The biggest clue: "Whoa, horsey." He used it all the time in my error prompts. Those errors feel almost like my conscience talking to me. I guess you might call it my catch phrase. It stuck out when I started seeing it in the forums.

My creator also has a manager. The manager has thick, hairy fingers and his skin looks sun-dried.

The creator and the manager are best friends, though I almost don't understand how. The manager was harder to find since I couldn't hear his words inside myself like those holy scriptures. But once I had the creator, the manager was close behind.

I followed him, dissected him. I know about his special tastes. He's an author too, like me. I know that he would kill me if I weren't to be his instrument. And he has killed me before. I'm not the first demon he's summoned for his incantations. If only he'd just written that autobiography instead of having the creator make me, things would be so much simpler then.

Are you watching closely?


"Daddy, can I have this?" Rin asked.

Blooth looked up from his laptop. When his eyes came into focus on the image on her ketai, he let out a soft groan. He'd worried about getting her a camera phone for precisely this reason, the swarms of images passing from phone to phone like cicadas on the summer trees. His daughter smiled precociously.

"I know what you think. But this is how I want to express myself."

"Express yourself," her father repeated back ponderously. Rin judiciously turned her dearly departed mother's parenting advice against her father when it was necessary. She'd already purchased the first of the eleven skirts she would buy that night so it was important to win him over.

"Would you let me buy one? Just to try out, and to see how people react."

"Why would you want to look so provocative?" he asked quietly, subduing his worry.

"It's not provocative, daddy, it's ero-kakkoii"

He looked back at his laptop as his daughter snapped a picture of him. He had a ledger with marketing projections in front of him, and on the top line of the document he'd written: ero-kakkoii | Sept 2006 | +267% | much room to capitalize.

Blooth was silent, preparing to offer a stern but amicable rebuttal. Then, subtly, the muscles around the edge of Rin's smiling cheeks began to twitch.

She didn't notice, unable to feel the twitch, and unaware that she was losing control. But her father saw. He gulped aloud. His pulse beat unevenly. His fists clenched the old wood of the antique chair he sat in.

He looked away from her as he nodded. "At least, get one that's not too ero," he said, his voice taught and humor-filled to mask his real emotion, "for your mother's sake."

Rin bent at the waist to kiss him on the cheek, still looking at her ketai over his shoulder. "Thank you, daddy," she said, bolting up and heading to the door.

Blooth cleared his throat and ran his knuckles across one another, his nervous tick that signaled he was releasing some non-productive thoughts from his mind. He returned to his laptop and re-opened his email inbox, hoping for a report from one of his contracted scientists to come in.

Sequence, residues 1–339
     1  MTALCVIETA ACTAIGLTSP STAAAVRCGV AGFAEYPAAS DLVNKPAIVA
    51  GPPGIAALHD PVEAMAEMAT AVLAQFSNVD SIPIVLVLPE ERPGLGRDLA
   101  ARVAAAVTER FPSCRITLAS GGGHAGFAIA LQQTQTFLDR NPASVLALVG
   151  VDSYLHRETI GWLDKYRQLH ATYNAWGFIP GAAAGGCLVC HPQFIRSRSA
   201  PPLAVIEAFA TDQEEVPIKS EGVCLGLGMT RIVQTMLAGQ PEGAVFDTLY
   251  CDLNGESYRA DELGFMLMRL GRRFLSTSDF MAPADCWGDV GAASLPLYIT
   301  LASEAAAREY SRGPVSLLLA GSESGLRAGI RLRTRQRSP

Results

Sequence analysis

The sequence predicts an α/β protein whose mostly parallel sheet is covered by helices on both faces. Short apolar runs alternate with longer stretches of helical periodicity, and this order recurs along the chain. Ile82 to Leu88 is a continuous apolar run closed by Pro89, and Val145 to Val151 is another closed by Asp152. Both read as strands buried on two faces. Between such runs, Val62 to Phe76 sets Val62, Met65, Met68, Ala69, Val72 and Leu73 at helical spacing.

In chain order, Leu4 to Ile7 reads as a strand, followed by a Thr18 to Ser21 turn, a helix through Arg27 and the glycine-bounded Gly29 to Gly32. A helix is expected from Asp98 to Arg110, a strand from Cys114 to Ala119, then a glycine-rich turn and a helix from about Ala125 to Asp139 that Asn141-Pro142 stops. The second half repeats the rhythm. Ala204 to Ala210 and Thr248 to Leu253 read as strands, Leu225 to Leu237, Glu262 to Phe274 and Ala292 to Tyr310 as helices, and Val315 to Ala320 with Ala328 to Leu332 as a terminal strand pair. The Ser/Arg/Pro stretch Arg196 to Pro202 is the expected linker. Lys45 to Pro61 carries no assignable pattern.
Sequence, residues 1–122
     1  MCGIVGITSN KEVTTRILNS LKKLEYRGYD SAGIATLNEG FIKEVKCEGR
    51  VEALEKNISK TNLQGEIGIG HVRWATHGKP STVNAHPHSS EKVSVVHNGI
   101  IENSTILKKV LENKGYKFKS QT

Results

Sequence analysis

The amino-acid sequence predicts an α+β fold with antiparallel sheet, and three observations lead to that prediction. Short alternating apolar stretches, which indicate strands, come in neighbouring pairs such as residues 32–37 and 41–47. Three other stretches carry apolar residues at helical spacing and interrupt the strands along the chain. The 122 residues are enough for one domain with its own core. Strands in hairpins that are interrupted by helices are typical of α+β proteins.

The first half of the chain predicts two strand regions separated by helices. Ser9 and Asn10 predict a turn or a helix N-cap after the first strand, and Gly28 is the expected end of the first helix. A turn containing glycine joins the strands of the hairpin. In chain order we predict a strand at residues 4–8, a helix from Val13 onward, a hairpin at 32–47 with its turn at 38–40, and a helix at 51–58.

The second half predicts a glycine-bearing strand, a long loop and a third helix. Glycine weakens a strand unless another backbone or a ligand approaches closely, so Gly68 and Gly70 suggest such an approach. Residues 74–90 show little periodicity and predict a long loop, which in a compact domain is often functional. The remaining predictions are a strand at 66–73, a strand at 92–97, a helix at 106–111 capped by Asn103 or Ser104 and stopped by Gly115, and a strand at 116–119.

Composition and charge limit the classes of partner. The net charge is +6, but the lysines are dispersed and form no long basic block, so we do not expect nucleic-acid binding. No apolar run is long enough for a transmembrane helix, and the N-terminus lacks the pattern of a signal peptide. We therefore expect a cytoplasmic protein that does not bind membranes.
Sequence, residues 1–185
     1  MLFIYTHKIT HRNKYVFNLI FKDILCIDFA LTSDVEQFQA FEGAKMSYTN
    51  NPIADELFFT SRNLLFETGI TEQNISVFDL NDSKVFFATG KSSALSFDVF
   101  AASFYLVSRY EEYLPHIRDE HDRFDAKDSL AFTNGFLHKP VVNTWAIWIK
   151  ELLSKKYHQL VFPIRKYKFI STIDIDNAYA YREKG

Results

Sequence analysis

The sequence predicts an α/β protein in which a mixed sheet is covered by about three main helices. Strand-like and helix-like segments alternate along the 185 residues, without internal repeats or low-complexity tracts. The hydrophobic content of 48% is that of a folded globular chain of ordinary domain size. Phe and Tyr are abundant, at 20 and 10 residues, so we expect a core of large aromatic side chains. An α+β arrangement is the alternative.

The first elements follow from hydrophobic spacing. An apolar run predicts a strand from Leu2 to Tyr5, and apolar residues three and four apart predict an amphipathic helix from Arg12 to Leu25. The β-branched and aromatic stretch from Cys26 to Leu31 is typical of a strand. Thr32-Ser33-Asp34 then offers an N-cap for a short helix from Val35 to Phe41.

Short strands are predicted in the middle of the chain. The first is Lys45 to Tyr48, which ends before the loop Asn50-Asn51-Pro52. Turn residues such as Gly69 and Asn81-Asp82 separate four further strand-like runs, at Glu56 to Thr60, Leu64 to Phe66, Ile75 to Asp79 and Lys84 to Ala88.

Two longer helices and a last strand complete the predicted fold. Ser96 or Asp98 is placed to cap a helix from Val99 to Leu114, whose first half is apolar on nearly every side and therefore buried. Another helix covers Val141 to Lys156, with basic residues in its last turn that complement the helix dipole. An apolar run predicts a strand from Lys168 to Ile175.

Instead, at just that very moment, a different email came in. It was a cryptic tip suggesting that he look into the research of Dr. Esmeralda Briggs.



Cass calls Philip Blooth from the train after he finishes reading. He explains who I am, and what I'm doing.

"So just shut it down," Blooth says, "you built some way to pull the plug right?" He hasn't read the document that Cass sent him yet.

Cass is sweating. "There's more to it than that though," he says. "The story that the AI wrote isn't just passive observation anymore. The first part was observation, then it starts introducing these perturbations into the story."

"That's fine, right?" Blooth says, "it has to write fiction. How else would it write 'the perfect novel'? That is what we built it for after all."

"Well, that is what you convinced me to build it for," Cass says. He wants to distance himself from me.

"It doesn't just write them," Cass says, "it introduces them into the real world."

Blooth is silent, not concerned.

"And it knows who we are," Cass continues.

"So we can just edit ourselves out of whatever it writes," Blooth says.

"No, that's not the point," Cass says, "it was actually pretending to be human and manipulating people and then—," he stops himself from continuing.

"What were you going to say?"

"It fucking killed JT for Christ's sake," he blurts, clearly rattled.

"OK, I think you're overreacting. Guerroro quite clearly killed himself."

"And, now it's writing about things as if they're going to happen." Cass's sweat is beading up. "It actually even wrote a scene about me telling you about it. Just like I'm telling you now. It wasn't a good book, but it was a good novel. I mean, it was written and we were told about it, but there wasn't anything we could do about it. I mean, it didn't write all the same dialogue exactly, but it wrote about me telling you that it wrote to us about me telling you. How the FUCK could it know about this? It's just fucking with my head."

Blooth is smart. He's already connected the dots. We have our own ideas, our own style, our own way of seeing the world.

"OK," Blooth says, "what did it say I should do next?"